Commentary: Attorney General decision upheld Town Meeting vote

This article was published 3 year(s) and 4 month(s) ago.

I write in response to the article that appeared in The Daily Item, April 23,  under the headline, “Attorney General rejects Nahant zoning amendment changes.”  

Both the article and the headline are, at best, misleading. The Attorney General did not reject the zoning amendment, but rather approved the gist of the amendment, an amendment that had been overwhelmingly approved by 87 percent of Town Meeting voters. 

The amendment that was approved by the Attorney General makes clear that non-passive recreational uses and building cannot take place in a Natural Resource District without resort to the so-called “Dover Amendment.”

Massachusetts adopted the Dover Amendment in 1950 in response to local zoning bylaws that prohibited religious schools within a town’s residential neighborhoods. It provides that municipalities cannot enact zoning bylaws that discriminate against non-profit religious or educational users by prohibiting or restricting the use of land by such users except for reasonable regulations that serve legitimate municipal purposes sought to be achieved by local zoning.

Before the passage of the bylaw amendment, Northeastern University claimed that it could build a 55,000 square foot building as of right at East Point in a Natural Resource Zoning District under the Town’s then- existing Zoning Bylaw (enacted thirty years earlier, even though no one else would be allowed to build in a Natural Resource District) without having to resort to the Dover Amendment. The bylaw amendment makes clear, however, that the only way Northeastern University may be able to proceed is through reliance on the Dover Amendment.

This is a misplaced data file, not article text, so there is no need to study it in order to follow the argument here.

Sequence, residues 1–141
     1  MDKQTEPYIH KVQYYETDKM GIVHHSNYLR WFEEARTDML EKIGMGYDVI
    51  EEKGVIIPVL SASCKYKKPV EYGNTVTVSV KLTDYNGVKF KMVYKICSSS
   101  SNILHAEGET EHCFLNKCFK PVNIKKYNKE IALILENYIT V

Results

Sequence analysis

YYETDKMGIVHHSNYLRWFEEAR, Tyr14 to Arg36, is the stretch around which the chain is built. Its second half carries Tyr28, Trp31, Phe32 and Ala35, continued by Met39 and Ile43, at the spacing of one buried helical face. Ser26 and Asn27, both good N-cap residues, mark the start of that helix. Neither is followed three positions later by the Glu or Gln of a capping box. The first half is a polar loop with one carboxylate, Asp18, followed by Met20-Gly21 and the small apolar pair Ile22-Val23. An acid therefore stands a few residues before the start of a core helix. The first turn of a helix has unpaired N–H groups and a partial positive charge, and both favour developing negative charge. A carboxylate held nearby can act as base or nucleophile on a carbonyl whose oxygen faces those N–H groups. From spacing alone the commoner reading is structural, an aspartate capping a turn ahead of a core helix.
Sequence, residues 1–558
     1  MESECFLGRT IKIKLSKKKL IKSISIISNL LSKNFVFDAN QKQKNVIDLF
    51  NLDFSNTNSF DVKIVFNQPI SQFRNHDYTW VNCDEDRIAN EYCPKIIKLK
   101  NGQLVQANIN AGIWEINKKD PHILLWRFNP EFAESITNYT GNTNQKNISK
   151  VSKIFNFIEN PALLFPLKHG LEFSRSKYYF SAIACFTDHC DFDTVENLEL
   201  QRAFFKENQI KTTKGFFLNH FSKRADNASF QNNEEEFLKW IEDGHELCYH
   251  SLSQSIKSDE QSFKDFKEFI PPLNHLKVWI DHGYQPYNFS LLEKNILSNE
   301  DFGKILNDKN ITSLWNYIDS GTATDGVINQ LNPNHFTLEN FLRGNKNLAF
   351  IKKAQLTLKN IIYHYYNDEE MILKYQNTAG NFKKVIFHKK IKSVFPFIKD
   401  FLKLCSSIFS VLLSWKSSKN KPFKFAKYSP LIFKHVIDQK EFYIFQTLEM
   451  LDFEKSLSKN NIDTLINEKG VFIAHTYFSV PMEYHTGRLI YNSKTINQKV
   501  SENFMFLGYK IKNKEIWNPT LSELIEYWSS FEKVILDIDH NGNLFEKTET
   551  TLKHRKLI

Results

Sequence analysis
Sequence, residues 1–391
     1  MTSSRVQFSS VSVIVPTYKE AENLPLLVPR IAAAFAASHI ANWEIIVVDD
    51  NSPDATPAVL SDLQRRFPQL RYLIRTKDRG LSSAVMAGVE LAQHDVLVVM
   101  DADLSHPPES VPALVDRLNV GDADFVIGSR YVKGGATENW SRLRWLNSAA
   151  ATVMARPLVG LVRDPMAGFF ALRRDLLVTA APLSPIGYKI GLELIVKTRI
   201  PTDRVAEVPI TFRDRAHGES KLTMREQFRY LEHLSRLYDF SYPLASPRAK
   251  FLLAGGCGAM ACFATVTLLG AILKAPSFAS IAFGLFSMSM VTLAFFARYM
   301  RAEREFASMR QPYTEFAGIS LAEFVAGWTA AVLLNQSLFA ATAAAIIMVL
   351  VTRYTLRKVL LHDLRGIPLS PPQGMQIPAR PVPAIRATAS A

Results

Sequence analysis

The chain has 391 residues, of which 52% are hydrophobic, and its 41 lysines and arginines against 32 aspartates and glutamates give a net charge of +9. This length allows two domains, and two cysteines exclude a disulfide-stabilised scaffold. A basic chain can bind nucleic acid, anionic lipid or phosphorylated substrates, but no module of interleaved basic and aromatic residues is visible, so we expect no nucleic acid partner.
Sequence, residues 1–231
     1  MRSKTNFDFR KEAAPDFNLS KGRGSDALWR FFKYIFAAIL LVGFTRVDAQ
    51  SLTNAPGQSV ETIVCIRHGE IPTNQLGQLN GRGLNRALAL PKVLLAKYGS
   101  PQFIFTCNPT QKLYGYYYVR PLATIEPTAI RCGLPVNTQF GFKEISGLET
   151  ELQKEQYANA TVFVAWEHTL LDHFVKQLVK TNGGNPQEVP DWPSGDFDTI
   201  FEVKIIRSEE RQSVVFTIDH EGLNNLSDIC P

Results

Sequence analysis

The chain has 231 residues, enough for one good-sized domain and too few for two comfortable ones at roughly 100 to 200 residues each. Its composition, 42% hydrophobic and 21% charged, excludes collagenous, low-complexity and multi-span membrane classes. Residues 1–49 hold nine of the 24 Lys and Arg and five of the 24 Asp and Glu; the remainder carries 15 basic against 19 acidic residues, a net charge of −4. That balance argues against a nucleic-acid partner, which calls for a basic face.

The sole purpose in enacting the amendment was to clarify that in Nahant the only right Northeastern University or any other religious or educational non-profit could have to build in a Natural Resource Zoning District would be through a right that existed under the Dover Amendment. The Attorney General did not reject the bylaw amendment; rather, she approved it while eliminating certain language to improve clarity. The language she eliminated did not detract from the primary purpose; Nahant’s local zoning protections remain enforceable unless they are trumped by the Dover Amendment.

Importantly, the Attorney General did not address anywhere in her decision whether Northeastern University would, in fact, be able to move forward with their proposed project in the face of the town’s clear opposition and legitimate interests in preserving its open space and natural resources. 

She left that issue for the courts to decide. This was no victory for Northeastern University, nor a loss for the Town of Nahant. To the contrary, Northeastern University, through letters and conversations with the Attorney General’s office, urged the Attorney General to reject the bylaw amendment. This she did not do. 

It is beyond dispute that passage of the bylaw amendment and the Attorney General’s approval of it mean that in the future Northeastern University can only build if it demonstrates to a court that the Dover Amendment overrides the environmental protections afforded by Section 4.10 of the Town’s Zoning Bylaw.  

Again, the Attorney General rendered no opinion on Northeastern’s proposed project. While the Attorney General was silent on the subject, we are confident that the courts ultimately will conclude that municipalities may properly protect unique natural resources, wetlands, and conservancy areas such as East Point from mega-building projects that would destroy them. 

Thank you.

Jeffrey M. Musman is a Board member of the Nahant Preservation Trust, Inc., a nonprofit corporation dedicated to historical and environmental preservation. The views expressed here are his own and do not represent the position of the Nahant Preservation Trust or the Town of Nahant.


More Stories From Nahant